Does Tutoring Work?

By Anthony Rebora — May 18, 2007 1 min read

In one of its signature provisions, the No Child Left Behind law requires that students in underperforming schools be given access to after-school tutoring programs. But in Chicago, a controversy is brewing over whether the $50 million that city schools paid for tutoring services last year was money well spent. A recent review conducted by the district shows that elementary school students who received tutoring performed only marginally better on math and reading tests than similarly situated children who did not get extra assistance. According to the study, struggling students who were not eligible for tutoring actually made the strongest academic gains. “On the micro level, I believe there are kids who need [tutoring] and it’s doing great things,” commented Erica Harris, head of tutoring for the district. “But at the macro level, for the amount of investment, I would want to see more output.” Some of the tutoring firms involved blamed poor organization on the district’s part for the unimpressive results. Mayor Richard Daley, for his part, defended the tutoring programs, saying measurable progress would take more time. He added that the services would be more effective, in his view, if students were in school year-round.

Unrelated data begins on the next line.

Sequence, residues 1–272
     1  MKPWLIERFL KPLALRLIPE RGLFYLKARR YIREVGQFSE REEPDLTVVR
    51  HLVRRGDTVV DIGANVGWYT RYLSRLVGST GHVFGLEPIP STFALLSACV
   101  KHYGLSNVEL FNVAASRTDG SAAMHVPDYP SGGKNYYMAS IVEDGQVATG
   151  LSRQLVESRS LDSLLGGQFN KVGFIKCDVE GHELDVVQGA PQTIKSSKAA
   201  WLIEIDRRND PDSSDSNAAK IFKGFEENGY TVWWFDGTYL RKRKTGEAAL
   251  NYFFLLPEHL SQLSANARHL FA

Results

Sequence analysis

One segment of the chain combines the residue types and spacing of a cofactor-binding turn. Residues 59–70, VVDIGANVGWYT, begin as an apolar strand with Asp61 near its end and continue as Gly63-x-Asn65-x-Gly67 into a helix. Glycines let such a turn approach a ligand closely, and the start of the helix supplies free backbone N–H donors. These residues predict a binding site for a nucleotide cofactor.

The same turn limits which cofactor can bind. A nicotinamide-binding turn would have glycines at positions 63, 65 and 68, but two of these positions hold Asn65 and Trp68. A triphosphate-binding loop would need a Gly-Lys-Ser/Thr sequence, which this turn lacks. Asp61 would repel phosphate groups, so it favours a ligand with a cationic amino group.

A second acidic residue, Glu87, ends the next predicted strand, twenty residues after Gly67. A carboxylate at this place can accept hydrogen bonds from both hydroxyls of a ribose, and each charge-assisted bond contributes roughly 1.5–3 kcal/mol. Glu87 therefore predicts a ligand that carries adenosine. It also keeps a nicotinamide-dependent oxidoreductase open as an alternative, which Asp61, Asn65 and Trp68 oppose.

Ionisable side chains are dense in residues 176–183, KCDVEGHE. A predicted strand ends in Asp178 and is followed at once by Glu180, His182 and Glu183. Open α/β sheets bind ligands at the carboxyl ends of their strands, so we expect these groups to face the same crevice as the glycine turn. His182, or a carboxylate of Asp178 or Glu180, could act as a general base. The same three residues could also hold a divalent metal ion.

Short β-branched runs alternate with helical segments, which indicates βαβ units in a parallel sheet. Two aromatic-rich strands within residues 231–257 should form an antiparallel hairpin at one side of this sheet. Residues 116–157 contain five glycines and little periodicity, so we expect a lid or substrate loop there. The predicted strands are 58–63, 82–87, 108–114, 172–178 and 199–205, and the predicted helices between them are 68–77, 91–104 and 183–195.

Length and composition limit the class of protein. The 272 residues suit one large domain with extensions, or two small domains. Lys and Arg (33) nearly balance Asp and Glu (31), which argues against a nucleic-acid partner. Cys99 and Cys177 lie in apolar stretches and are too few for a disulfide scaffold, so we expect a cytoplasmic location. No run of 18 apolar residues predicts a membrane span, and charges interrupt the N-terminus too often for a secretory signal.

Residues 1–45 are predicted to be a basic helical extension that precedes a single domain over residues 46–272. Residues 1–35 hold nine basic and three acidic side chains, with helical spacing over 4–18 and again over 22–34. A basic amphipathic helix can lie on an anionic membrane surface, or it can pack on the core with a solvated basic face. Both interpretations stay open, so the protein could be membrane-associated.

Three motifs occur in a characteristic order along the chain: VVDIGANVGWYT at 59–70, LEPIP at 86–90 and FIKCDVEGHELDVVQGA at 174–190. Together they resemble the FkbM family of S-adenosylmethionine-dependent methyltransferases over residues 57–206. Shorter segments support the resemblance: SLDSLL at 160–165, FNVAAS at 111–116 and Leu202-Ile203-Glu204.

A version of this news article first appeared in the Web Watch blog.

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